//Origins, admixture and founder lineages in European Roma

Origins, admixture and founder lineages in European Roma

Origins, admixture and founder lineages in European Roma

Author(s): Begoña Martínez-Cruz, Isabel Mendizabal, Christine Harmant, Rosario de Pablo, Mihai Ioana, Dora Angelicheva, Anastasia Kouvatsi, Halyna Makukh, Mihai G Netea, Horolma Pamjav, Andrea Zalán, Ivailo Tournev, Elena Marushiakova, Vesselin Popov, Jaume Bertranpetit, Luba Kalaydjieva, Lluis Quintana-Murci and David Comas and the Genographic Consortium
Journal: European Journal of Human Genetics
Issue/Volume: 24
Page(s): 937–943
Year: 2016

Abstract:

The Roma, also known as ‘Gypsies’, represent the largest and the most widespread ethnic minority of Europe. There is increasing evidence, based on linguistic, anthropological and genetic data, to suggest that they originated from the Indian subcontinent, with subsequent bottlenecks and undetermined gene flow from/to hosting populations during their diaspora. Further support comes from the presence of Indian uniparentally inherited lineages, such as mitochondrial DNA M and Y-chromosome H haplogroups, in a significant number of Roma individuals. However, the limited resolution of most genetic studies so far, together with the restriction of the samples used, have prevented the detection of other non-Indian founder lineages that might have been present in the proto-Roma population. We performed a high-resolution study of the uniparental genomes of 753 Roma and 984 non-Roma hosting European individuals. Roma groups show lower genetic diversity and high heterogeneity compared with non-Roma samples as a result of lower effective population size and extensive drift, consistent with a series of bottlenecks during their diaspora. We found a set of founder lineages, present in the Roma and virtually absent in the non-Roma, for the maternal (H7, J1b3, J1c1, M18, M35b, M5a1, U3, and X2d) and paternal (I-P259, J-M92, and J-M67) genomes. This lineage classification allows us to identify extensive gene flow from non-Roma to Roma groups, whereas the opposite pattern, although not negligible, is substantially lower (up to 6.3%). Finally, the exact haplotype matching analysis of both uniparental lineages consistently points to a Northwestern origin of the proto-Roma population within the Indian subcontinent.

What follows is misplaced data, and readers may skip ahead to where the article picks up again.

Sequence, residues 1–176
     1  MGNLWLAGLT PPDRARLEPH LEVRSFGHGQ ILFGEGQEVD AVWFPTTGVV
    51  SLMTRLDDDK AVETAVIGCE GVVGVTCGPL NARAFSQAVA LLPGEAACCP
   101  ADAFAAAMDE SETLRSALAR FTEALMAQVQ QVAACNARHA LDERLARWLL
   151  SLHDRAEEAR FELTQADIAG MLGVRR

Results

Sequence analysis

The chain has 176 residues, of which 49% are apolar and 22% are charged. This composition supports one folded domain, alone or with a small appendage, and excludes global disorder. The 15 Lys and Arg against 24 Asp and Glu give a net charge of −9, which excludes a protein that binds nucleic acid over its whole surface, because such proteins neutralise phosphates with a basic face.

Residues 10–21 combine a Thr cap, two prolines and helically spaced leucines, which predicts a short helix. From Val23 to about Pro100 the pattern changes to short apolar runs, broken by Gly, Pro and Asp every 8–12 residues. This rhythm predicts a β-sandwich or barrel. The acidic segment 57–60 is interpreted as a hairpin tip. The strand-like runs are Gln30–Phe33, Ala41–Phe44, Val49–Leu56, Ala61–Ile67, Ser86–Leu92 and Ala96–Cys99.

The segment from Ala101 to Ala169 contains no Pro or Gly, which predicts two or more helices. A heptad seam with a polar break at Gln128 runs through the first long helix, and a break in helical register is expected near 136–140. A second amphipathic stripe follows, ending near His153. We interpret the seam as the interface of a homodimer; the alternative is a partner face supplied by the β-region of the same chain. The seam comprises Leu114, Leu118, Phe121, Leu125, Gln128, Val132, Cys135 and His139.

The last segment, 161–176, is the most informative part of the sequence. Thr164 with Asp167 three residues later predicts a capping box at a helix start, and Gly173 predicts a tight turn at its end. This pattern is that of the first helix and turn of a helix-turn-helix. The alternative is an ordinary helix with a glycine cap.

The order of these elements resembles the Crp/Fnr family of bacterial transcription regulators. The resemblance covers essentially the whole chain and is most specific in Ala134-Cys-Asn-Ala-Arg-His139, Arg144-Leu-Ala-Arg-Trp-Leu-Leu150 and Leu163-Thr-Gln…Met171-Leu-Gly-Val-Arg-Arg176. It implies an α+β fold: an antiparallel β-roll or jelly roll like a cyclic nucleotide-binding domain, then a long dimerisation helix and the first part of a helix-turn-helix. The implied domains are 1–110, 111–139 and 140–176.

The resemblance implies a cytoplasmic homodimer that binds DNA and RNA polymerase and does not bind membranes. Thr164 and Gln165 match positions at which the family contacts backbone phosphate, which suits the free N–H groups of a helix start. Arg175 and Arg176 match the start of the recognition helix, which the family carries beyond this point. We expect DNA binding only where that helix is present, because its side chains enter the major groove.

Source Link: http://www.nature.com/ejhg/journal/v24/n6/abs/ejhg2015201a.html

Keywords

Peoples: Roma | Places: Europe and South Asia | Topics: H7, I-P259, J-M67, J-M92, J1b3, J1c1, M18, M35b, M5a1, Population bottlenecks, U3, and X2d | DNA Type: mtDNA and Y-SNP

2016-06-16T09:09:59+00:00 June 16th, 2016|